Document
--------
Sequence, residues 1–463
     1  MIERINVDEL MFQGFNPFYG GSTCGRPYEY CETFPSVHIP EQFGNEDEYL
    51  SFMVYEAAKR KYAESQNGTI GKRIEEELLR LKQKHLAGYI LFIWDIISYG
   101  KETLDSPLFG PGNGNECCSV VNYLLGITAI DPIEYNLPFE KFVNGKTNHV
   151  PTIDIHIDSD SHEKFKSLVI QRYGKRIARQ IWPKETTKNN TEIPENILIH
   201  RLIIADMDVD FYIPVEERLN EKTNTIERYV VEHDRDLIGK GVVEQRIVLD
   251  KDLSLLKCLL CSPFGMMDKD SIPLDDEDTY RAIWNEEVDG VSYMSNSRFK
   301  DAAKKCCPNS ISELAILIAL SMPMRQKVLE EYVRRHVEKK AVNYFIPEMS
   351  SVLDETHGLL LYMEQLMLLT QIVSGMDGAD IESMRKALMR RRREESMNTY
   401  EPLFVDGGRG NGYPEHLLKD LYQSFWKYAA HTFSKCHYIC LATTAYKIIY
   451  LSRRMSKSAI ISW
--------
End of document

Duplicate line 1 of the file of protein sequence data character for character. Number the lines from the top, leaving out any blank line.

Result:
Sequence, residues 1–463